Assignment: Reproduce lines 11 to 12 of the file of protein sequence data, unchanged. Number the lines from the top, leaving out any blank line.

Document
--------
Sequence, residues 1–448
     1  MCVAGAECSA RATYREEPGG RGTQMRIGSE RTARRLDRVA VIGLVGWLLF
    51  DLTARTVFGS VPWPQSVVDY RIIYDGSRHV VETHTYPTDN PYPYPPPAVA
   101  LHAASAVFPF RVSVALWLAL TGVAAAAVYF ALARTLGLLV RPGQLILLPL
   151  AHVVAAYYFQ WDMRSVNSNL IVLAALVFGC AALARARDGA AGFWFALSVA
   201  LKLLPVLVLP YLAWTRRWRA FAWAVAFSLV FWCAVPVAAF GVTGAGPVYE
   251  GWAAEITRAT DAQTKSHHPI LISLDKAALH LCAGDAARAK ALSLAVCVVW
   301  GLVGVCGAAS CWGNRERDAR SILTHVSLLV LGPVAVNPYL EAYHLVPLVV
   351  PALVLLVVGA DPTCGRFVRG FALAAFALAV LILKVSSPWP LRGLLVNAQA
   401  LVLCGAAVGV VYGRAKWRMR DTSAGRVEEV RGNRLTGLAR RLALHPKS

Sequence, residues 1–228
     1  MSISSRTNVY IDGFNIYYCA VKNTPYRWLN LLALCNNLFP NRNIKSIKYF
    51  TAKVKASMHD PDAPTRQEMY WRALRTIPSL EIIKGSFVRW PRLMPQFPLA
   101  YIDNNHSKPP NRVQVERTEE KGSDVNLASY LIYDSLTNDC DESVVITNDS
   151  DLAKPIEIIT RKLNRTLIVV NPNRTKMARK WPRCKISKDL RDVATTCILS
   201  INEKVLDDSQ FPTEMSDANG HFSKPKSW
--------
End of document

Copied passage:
Sequence, residues 1–228
     1  MSISSRTNVY IDGFNIYYCA VKNTPYRWLN LLALCNNLFP NRNIKSIKYF